The question isn’t perfectly clear as to what they are referring to, but a quick internet search appears this challenge has to do with the existence of miracles, so that’s how I’ll address my proposed response. First, I don’t think any quick answer is going to convince a skeptic to change their position and suddenly accept that miracles happen and that God is real. This is the kind of challenge that can make a Christian cringe because you don’t know how to respond. Belief in miracles is not something that we can prove by traditional science, simply because miracles are not the type of event that is an ongoing, normal process (like the laws of nature). By definition, miracles are outside of the norm. As for a response, I would probably direct the question back at him. He is, through his question, making an assertion that the laws of nature are to be trusted and anyone claiming a miracle must be lying. If would first make sure he understands that he is making an assertion, even though he is asking you a question. Perhaps stating something like “so, what you’re trying to say is that miracles can’t happen, do I have that right?”. Note that his claim is not a fact, but rather an opinion. He is the one that has made a claim, now it’s up to him to defend that claim. Assuming he is a believer in science and the scientific method, and as such would consider facts and truth to be of supreme importance. Consider asking him a question such as “Since you don’t believe in miracles, what evidence do you have that they haven’t happened?” “What scientific proof have you seen that a miracle cannot occur?” “What proof do you have that people who claim to have experienced a miracle have lied?” “If some people lie about a certain type of claim, does that mean we have to then assume that all claims of that type are lies?” Obviously, some people may have lied about experiencing a miracle, but does that mean that all occurrences of a miracle are summarily dis-proven? My guess is this view is based around more prejudice than fact. He probably hasn’t been truly challenged on this point of view. As Greg teaches, you may only be able to ‘put a pebble in their shoe’ at the moment. The point being that if you can get them to see a flaw or two in their arguments, perhaps you can help to direct their thinking, and, with the Holy Spirit’s help, someday get a chance to share the Gospel message with him.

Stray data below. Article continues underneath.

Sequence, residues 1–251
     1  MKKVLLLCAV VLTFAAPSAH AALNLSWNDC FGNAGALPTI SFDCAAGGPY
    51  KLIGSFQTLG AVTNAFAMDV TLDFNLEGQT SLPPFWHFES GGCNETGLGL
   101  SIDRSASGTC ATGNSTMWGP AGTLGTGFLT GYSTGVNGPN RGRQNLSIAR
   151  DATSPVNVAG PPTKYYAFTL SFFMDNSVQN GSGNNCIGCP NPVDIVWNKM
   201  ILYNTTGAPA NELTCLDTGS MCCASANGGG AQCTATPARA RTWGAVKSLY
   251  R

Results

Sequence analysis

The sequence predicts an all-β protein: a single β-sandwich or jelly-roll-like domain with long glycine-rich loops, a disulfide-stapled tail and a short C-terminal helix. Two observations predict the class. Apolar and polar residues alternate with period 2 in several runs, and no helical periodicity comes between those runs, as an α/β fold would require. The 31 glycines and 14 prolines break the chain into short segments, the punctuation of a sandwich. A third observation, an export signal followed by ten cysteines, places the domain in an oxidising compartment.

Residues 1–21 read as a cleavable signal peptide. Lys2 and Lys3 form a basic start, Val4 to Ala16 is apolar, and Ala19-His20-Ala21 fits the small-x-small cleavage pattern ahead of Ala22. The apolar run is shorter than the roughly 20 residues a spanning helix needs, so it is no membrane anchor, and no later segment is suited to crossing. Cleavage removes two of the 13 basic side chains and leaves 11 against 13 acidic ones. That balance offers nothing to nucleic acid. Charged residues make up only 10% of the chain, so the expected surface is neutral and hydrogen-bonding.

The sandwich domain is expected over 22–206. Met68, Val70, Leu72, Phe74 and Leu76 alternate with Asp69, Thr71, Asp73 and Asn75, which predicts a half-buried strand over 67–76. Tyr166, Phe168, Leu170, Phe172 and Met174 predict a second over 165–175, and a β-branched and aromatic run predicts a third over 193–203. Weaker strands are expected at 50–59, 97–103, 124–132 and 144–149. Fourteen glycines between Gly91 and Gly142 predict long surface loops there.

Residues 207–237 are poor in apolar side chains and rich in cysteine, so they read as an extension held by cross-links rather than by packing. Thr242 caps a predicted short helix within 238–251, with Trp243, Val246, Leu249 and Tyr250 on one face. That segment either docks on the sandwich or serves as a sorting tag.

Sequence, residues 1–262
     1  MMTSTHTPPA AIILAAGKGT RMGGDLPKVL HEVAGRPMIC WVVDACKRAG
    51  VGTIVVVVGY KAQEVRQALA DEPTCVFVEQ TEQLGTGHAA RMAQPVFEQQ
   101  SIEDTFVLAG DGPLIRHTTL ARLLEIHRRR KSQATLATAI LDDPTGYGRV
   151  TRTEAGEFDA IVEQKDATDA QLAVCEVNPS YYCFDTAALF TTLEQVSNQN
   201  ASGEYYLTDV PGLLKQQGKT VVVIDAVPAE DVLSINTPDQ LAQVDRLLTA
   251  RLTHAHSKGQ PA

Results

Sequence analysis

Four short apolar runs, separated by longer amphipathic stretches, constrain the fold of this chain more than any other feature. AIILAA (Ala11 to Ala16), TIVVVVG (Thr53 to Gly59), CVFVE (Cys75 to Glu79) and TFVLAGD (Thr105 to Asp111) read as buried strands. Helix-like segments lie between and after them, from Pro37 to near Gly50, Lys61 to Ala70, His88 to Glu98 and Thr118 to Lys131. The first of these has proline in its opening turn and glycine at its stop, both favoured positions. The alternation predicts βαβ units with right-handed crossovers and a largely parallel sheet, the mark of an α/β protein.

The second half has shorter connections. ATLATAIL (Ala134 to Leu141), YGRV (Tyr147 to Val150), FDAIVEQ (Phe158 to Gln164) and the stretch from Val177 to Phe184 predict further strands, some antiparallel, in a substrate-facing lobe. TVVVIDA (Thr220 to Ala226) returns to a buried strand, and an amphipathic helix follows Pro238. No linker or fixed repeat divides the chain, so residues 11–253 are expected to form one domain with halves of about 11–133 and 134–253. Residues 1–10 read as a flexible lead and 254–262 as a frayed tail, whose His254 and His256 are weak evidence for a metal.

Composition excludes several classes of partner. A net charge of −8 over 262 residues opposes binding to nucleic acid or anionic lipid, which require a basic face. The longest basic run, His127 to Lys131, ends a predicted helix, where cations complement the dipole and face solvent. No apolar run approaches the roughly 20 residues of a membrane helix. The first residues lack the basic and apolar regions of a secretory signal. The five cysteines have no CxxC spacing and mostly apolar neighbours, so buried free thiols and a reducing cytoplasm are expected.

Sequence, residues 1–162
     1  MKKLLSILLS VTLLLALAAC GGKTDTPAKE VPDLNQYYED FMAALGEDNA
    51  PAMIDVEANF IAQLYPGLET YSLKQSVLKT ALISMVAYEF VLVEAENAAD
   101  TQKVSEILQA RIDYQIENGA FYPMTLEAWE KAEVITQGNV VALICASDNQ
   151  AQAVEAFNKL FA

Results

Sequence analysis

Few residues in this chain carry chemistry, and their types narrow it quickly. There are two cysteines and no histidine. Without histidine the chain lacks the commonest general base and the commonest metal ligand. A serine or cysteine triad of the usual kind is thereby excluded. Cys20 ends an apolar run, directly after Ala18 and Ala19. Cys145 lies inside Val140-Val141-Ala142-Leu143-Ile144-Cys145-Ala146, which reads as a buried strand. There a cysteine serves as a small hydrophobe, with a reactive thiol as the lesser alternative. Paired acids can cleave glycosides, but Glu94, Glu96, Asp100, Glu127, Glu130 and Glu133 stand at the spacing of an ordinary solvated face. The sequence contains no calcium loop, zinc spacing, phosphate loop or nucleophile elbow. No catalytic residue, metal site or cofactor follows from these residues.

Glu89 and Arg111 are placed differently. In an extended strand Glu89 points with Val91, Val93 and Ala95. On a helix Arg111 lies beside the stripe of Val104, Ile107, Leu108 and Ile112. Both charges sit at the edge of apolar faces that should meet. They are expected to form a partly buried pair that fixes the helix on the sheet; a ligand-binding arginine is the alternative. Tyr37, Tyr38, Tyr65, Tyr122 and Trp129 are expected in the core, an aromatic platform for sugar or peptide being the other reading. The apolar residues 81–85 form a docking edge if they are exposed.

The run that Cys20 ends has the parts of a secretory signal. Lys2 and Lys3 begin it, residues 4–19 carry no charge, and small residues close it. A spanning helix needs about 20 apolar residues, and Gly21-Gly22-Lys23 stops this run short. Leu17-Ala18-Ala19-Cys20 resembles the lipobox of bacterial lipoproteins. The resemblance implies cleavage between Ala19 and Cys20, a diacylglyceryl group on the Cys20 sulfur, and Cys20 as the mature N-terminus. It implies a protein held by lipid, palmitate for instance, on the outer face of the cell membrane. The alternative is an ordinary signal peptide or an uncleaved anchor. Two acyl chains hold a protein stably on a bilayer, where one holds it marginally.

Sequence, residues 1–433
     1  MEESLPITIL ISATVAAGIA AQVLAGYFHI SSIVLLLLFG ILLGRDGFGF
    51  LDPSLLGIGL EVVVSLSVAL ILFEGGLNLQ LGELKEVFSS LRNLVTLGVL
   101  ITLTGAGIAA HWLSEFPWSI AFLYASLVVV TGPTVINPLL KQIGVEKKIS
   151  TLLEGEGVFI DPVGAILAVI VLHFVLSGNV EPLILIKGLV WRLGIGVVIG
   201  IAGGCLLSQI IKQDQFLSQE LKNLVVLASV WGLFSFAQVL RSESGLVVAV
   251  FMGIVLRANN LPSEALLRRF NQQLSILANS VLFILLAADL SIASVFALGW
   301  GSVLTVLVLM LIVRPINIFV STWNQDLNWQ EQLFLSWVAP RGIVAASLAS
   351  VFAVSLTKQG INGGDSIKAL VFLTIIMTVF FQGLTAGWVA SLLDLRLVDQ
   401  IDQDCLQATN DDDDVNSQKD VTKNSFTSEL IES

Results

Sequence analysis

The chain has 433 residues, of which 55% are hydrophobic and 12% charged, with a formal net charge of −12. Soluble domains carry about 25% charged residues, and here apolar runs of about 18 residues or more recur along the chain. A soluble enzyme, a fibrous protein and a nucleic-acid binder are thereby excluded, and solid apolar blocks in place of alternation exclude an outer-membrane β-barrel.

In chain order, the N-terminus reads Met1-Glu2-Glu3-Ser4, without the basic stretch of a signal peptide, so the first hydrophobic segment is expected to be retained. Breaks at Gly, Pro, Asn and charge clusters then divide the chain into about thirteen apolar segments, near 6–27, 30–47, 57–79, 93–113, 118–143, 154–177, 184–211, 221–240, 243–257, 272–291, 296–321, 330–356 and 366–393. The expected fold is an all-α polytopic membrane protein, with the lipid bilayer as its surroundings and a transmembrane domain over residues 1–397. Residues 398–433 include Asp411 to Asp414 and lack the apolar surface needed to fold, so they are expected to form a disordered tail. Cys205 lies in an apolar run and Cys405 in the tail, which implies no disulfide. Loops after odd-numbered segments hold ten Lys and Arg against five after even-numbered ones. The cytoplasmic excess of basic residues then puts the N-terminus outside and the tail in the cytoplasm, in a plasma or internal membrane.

2. Bobby says: